We often hear the recommendation to “flush the pot” periodically in order to remove mineral buildup in potting media that occurs as your fertilizer solution evaporates. We are told to irrigate with fresh water only to accomplish that, so we merely suspend our feeding regimen once a month, every other watering, or however we feel comfortable.
Unfortunately, that may not be particularly effective. In the September 2006 Orchids magazine, Dr. Yin-Tung Wang of Texas A&M University published an article about the retention of mineral salts, and the difficulty in flushing them from diatomite. Let’s look at the mechanics of why that might be:
Start with a “virgin” particle that is saturated with a fertilizer solution – the mineral ion distribution is uniform throughout. As the water evaporates from the surface, in order to stay in solution – the natural drive to stay less concentrated, as becoming a solid is as concentrated as it gets – those ions migrate toward the center of the particle, increasing their concentration in the remaining liquid. Eventually the driving force to stay in solution loses out, and those ions will precipitate as the mineral salts in a highly concentrated “core”.
Now you flush the dry pot, watering with clear water only. The particle absorbs from the outside, in, and once the water reaches that “core”, it starts to dissolve that outermost part of the concentrated minerals. Some of those minerals will be moved to the surface for extraction, but unless you continue to flush heavily, evaporation will “push” it right back to the middle. To truly “flush” the medium, long-term soaking is needed, which allows the minerals to migrate into a large volume of liquid.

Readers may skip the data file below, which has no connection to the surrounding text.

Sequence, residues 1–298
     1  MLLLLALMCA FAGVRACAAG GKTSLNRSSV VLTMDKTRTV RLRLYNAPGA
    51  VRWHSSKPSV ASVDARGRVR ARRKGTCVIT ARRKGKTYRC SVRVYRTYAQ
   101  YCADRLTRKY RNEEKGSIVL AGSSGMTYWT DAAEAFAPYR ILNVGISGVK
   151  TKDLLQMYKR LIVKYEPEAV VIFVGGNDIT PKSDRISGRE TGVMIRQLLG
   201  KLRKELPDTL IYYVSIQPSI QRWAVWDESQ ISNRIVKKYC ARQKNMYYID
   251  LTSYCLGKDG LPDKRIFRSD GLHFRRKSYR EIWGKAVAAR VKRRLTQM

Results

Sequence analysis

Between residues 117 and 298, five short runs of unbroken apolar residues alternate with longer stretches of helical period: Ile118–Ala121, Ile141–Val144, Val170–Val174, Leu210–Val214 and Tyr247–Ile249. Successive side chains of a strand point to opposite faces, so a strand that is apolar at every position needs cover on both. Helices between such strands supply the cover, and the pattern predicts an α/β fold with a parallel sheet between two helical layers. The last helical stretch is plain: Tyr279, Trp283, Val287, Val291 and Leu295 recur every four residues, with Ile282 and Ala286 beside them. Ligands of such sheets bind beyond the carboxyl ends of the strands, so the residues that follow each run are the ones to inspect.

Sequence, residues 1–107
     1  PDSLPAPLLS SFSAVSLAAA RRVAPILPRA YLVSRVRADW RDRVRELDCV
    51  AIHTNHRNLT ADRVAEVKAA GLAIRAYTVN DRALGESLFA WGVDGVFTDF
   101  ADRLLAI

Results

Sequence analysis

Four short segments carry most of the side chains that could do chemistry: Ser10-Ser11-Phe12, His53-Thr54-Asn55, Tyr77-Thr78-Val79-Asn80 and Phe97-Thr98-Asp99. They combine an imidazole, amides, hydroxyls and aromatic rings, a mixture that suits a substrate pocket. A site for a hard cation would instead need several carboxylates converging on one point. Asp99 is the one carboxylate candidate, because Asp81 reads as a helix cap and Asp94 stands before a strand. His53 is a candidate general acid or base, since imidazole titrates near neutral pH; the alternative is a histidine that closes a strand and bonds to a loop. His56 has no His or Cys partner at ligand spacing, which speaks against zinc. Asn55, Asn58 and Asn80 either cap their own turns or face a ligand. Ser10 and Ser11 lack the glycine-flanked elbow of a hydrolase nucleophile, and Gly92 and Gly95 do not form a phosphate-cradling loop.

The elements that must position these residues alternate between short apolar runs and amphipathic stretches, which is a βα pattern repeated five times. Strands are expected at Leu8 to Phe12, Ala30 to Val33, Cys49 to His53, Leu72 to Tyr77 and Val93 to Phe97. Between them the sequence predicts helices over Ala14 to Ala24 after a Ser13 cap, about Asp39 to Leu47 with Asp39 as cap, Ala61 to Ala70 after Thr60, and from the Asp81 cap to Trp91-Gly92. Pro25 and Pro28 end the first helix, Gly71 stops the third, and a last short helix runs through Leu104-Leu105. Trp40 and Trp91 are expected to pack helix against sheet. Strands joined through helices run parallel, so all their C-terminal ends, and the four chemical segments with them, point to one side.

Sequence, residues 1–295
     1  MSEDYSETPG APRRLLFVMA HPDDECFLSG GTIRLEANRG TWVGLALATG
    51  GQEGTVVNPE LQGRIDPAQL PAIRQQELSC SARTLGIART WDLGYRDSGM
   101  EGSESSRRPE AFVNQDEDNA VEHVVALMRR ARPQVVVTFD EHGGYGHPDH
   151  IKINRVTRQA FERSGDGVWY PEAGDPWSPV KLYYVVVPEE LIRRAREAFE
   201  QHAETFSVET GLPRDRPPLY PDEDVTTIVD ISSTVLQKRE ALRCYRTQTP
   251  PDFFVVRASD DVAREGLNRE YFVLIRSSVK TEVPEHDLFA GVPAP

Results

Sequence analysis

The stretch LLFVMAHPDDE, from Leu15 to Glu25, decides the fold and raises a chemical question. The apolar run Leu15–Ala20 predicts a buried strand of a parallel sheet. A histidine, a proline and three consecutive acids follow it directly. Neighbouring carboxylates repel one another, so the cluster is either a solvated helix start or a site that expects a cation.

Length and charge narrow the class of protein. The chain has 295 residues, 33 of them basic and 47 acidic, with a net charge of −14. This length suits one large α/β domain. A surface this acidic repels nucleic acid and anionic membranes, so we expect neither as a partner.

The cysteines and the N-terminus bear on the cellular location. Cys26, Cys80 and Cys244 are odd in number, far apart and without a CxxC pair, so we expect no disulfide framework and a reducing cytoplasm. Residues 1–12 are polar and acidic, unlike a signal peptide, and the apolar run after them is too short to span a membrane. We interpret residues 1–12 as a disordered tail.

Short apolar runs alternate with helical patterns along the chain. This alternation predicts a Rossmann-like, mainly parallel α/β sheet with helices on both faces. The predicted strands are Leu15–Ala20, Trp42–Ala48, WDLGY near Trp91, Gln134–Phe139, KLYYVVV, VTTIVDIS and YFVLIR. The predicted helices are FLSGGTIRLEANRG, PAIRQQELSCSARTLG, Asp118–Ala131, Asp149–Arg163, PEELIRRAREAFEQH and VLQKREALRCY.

That scenario is true for both organic- and inorganic media particles, but with organics, if you repot appropriately, you throw the problem away! With inorganic media, because of their long (essentially unlimited) life spans, the tendency is to go longer periods of time without repotting, which exacerbates the problem.
So how do we avoid, or at least minimize the problem, as in traditional culture, it is inevitable?
We know that we must feed our plants adequately in order to get them to grow and bloom well. Infrequent watering and the use of concentrated fertilizer solutions favor buildup, and as we can see, clear-water flushing is not particularly effective in reversing it. If, on the other hand, we tend to water more frequently and use lower levels of fertilizer additions when we do, we reduce the evaporative “driving force” and keep the mineral concentration low to begin with.
None of that applies to semi-hydro culture, by the way, as you’re essentially keeping the medium mass at a constant level of moisture and mineral content, slowing the rate of buildup. Note that I did not say “preventing” buildup, as all media components will accumulate minerals and plant wastes over time. There is a sister article on this subject as it relates to inorganic media components.